I have a lot of little tools as well. I have accumulated multiples of just about every type of tool you can imagine – scissors, tapestry needles, baggie of stitch markers, tape measures, crochet hooks, scales, dental floss… the list goes on. But that also means I have multiple toolkits available to keep with individual projects. That way whenever I am in a ‘grab-n-go’ situation, I do not have to scurry around my workspace looking the right tools – I can just grab one of these complete little kits. It saves me a lot of time and hassle!
I have a selection of ‘backup’ tools as well, such as stitch holders and T-pins that I don’t often use. I store these in one massive bag with clear, divided compartments. This bag would be cumbersome to bring to a knit night, but it’s perfectly handy tucked under my side table at home.
I’m not a huge fan of plastic storage tubs unless they are protecting and organizing my unused fibre and yarn. A utilitarian tub next to my knitting chair makes me think I am about to bury all my unfinished knitting projects into my back of my closet. I like my knitting projected to look inviting… I much prefer to use baskets to store my works-in-progress even though if they are not stackable or protective in anyway. Surrounding myself with balls of yarn peeking over the rims of colourful baskets is much more inspiring – you just need to pick them up and knit! So friendly, warm and appealing… even if it’s a little more cluttered.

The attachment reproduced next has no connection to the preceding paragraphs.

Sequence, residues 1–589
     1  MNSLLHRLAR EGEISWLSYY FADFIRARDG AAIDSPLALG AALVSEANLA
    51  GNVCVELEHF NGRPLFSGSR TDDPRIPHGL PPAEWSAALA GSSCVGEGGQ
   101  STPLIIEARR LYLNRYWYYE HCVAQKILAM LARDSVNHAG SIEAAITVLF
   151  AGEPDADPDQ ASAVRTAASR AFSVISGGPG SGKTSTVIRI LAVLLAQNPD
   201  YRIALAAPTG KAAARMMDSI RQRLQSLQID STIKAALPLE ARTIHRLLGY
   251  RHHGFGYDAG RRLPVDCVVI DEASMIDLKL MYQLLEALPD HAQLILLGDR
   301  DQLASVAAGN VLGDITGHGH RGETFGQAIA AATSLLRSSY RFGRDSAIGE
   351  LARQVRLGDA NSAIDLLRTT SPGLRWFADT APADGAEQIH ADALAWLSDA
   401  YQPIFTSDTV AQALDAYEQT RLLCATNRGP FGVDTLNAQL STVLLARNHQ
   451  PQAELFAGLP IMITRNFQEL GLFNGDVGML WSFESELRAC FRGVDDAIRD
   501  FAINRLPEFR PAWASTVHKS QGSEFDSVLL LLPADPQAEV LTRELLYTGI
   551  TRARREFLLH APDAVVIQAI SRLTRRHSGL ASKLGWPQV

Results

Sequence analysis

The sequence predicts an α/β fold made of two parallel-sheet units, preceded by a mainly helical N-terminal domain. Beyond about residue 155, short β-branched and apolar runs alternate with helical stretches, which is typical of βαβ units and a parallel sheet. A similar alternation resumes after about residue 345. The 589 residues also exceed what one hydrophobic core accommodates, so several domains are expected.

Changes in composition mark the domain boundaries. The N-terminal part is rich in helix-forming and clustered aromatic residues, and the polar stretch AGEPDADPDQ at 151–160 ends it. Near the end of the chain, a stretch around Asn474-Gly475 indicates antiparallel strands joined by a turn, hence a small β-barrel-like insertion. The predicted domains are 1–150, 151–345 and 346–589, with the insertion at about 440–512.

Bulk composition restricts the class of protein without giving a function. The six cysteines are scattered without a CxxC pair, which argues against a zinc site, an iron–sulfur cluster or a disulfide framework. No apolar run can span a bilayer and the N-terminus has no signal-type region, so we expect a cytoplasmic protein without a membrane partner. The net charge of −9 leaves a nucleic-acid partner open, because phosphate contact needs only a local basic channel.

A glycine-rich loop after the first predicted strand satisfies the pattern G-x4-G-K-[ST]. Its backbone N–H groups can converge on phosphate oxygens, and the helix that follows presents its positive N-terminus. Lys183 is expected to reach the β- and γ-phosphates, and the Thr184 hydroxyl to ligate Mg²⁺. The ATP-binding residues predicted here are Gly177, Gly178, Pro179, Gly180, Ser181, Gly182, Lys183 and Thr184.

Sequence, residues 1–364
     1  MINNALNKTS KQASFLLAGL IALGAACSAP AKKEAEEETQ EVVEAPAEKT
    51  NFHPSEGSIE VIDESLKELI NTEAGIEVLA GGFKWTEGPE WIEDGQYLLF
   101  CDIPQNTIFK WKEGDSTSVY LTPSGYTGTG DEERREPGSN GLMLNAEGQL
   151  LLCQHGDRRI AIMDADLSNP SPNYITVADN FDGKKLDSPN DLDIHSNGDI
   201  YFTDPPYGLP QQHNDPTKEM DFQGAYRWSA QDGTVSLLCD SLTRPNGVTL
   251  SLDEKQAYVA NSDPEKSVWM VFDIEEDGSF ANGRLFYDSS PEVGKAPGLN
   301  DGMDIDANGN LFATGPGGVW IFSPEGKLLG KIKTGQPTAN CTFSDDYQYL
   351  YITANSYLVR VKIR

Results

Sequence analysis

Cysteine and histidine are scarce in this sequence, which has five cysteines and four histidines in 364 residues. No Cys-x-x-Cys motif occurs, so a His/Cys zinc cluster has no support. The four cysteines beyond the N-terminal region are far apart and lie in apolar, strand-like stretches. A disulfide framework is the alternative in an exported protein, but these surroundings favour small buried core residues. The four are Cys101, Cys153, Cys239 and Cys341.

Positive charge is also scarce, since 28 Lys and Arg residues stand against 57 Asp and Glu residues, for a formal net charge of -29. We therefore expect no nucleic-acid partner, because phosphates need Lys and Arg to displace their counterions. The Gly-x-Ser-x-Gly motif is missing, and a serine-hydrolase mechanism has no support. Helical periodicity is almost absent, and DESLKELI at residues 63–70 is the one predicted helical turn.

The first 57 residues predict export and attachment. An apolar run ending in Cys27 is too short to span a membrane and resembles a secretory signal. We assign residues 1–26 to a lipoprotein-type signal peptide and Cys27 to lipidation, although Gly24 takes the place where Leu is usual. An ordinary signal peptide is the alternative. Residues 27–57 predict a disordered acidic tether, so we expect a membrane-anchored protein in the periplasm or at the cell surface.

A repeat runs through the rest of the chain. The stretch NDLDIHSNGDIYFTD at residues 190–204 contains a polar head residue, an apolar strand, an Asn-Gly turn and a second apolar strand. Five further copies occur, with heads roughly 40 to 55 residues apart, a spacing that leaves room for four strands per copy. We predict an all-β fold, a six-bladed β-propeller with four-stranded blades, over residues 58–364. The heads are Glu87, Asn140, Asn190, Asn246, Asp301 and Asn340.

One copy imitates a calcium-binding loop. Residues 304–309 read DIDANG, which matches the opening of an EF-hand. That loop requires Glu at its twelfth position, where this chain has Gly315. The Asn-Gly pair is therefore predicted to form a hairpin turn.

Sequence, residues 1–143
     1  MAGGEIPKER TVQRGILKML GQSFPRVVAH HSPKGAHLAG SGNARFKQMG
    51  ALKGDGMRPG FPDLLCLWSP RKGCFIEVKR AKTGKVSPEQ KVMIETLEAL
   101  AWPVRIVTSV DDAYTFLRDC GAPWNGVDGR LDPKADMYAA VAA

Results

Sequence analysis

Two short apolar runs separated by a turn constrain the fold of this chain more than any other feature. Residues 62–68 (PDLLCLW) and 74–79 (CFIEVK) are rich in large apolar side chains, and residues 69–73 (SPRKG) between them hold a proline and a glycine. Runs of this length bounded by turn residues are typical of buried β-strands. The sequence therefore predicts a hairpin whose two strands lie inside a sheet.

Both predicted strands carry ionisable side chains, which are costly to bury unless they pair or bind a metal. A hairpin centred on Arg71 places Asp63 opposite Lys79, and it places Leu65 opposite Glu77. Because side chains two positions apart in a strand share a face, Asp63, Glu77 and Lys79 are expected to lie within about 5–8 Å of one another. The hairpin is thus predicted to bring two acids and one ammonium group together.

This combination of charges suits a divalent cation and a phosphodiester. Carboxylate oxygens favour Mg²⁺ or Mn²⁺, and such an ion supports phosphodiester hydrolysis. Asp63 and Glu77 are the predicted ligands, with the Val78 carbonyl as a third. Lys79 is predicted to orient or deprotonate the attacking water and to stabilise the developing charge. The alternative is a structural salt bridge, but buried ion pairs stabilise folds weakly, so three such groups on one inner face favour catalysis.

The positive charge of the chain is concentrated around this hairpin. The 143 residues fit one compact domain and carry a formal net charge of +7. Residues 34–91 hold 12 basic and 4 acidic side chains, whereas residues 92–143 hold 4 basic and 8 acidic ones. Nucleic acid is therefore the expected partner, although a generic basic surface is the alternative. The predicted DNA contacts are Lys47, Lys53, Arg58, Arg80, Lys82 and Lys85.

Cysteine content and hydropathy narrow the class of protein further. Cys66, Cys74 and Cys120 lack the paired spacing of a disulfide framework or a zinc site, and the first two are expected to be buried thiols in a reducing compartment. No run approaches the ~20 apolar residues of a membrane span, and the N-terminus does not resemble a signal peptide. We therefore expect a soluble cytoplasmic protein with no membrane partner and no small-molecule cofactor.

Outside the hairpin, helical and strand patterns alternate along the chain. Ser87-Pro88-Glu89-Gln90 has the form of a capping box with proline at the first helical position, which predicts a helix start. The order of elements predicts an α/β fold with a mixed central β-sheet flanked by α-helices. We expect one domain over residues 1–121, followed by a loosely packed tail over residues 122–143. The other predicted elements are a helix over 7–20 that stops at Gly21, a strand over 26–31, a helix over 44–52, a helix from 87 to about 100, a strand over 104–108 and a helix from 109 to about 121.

I use a variety of different project bags as well. “Traveling projects”, or the quick knits that keep me occupied while I ride the bus or wait for my restaurant meal, must be small enough to fit into my purse or backpack. I find a light nylon bag with a wrist strap to be ideal so I can manage my entire project in my hands. Small plastic tote bags (the kind given away by some high-end stores) make fantastic project bags as I well. It doesn’t matter if they get folded or dirty – most can simply be recycled after they have outlived their usefulness. These are my bags of choice for camping or knitting small projects outdoors.
Large canvas tote bags are great for sweaters and other bulky projects. Because they have little structure, they do not take up extra space when they are not full. But as your project grows, so will they. Most of these bags are easy to clean and cheap to purchase. Some LYS sell totes with their logo or name on the side; I know I like it when I can support my favorite LYS at knit night!
I own other fancier bags too, made of finer materials such as faux leather or upholstery fabric. These can also make excellent purses and or day-bags, but I find they can be a little heavy and unwieldy if I only want to carry a half-finished sock around town.
The size, quality, and shape of my coffee cup (my most beloved knitting accessory) is another extremely important subject, but I am afraid it will have to be covered in a future blog post.
Organizing your supplies and tools isn’t critical to finishing a knitting project, but having a clean and accessible workspace can make your crafting time smoother and more pleasurable. I find the tidier my workspace is, the more inclined I am to spend time there. I put my yarn and fibre on display, arrange my patterns into a queue, and then relax into my little woolen sanctum.